Mileage: Nashville to Memphis = 210 miles / 338 kilometers.  Overnight: Memphis

Day Nine: Renowned as the birthplace of rock’n’roll and home of the blues, Memphis more than matches its myth.  Pilgrims flock from all over the world to find a vibrant city that while cherishing its past remains very much alive.  Visit Graceland, Elvis’ beloved mansion, see his two private jets and the fantastic Automobile Museum.  Don’t miss the tour at famous Sun Studio and be sure to see the Stax Museum of American Soul Music as well as the Smithsonian’s Rock’n’Soul Museum and the Gibson Guitar Factory. Then dance the night away at any of the clubs on historic Beale Street.  Overnight: Memphis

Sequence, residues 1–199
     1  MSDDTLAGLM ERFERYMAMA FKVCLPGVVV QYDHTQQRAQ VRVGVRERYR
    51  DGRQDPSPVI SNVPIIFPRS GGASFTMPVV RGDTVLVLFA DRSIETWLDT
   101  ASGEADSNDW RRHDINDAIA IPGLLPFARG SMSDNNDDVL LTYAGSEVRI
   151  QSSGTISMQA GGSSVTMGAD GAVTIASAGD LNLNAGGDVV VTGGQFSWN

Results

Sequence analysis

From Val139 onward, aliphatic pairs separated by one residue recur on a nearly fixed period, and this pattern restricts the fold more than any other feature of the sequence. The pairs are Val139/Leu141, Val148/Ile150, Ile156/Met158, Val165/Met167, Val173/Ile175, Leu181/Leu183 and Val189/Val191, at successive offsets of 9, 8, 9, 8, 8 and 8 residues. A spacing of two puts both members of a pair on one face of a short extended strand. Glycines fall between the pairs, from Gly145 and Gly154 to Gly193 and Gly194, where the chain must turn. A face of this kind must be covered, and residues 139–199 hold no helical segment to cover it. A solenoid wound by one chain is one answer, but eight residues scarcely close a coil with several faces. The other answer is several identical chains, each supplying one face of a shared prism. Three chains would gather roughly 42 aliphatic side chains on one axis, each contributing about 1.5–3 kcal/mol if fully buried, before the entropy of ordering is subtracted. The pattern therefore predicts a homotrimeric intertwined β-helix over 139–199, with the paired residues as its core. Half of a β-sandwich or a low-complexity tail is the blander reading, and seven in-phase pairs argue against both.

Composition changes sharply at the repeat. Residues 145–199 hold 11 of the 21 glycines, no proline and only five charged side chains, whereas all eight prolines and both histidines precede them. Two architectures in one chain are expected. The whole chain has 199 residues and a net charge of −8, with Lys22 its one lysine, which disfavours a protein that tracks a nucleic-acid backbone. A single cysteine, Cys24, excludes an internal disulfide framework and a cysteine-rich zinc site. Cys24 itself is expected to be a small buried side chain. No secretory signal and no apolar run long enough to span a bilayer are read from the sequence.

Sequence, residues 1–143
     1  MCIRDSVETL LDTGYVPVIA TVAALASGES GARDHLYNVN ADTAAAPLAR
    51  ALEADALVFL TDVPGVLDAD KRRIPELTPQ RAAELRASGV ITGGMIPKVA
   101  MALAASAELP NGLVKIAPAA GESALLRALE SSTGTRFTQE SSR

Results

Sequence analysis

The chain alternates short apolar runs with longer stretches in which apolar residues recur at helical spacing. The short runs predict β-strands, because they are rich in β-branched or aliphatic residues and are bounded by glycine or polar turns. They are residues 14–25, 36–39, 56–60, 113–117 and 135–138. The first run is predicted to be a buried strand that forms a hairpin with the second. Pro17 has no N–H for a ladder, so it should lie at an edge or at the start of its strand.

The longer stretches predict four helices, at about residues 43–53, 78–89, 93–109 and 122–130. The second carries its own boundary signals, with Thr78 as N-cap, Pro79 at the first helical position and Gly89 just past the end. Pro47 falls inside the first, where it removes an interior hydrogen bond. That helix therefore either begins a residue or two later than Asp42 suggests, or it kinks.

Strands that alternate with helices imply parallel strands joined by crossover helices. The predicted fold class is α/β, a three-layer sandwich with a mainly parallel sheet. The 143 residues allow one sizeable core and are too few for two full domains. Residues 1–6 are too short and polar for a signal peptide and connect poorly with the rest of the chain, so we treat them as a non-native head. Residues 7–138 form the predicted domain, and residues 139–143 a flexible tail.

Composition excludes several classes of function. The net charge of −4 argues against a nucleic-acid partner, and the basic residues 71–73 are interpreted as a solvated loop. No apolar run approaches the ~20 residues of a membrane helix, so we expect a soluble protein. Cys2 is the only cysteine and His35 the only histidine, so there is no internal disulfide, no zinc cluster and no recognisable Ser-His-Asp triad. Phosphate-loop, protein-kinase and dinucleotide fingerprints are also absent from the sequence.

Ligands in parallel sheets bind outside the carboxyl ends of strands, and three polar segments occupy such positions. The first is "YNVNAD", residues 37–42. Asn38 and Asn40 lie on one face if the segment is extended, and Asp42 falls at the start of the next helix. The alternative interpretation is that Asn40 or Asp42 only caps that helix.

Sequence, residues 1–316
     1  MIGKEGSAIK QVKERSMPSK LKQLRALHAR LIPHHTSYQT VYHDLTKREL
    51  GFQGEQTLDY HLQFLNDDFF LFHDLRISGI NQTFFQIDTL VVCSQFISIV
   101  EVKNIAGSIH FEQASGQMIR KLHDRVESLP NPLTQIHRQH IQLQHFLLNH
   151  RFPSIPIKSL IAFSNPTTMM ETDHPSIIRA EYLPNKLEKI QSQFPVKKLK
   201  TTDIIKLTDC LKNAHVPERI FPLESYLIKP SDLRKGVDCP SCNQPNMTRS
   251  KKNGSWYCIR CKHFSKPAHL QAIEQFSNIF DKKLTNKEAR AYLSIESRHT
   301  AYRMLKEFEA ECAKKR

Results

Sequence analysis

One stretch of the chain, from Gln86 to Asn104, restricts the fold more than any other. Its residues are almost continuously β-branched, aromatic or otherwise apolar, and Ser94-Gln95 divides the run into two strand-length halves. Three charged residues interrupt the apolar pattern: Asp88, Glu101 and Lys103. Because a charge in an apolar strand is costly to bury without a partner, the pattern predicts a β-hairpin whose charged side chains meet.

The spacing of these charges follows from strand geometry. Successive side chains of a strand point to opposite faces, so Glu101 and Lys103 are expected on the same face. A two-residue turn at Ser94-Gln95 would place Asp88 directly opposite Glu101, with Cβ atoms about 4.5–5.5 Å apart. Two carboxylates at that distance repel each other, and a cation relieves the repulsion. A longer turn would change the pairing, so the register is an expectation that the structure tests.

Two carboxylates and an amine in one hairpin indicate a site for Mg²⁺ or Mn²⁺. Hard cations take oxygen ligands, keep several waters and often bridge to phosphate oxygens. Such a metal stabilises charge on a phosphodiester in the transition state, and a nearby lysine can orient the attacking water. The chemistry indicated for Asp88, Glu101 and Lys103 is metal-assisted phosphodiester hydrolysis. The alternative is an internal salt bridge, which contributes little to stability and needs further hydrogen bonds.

Day Ten: Make time for some last minute shopping at any of Memphis’ retail or outlet malls before checking-in for your flight home.

Terms & Conditions:

Transportation  is not included. All prices are the total costs for the number of adults occupying the room in existing bedding. Rolloways are not included & may be at an extra charge if available. We accept Visa, Mastercard, Discover & American Express. Cancellations less than 30 days before arrival will incur penalties of $25.00 per person plus any supplier fees. Changes made after documents have been issued incur a $25.00 document reissue fee.

Additional Information


Mississippi, Tennessee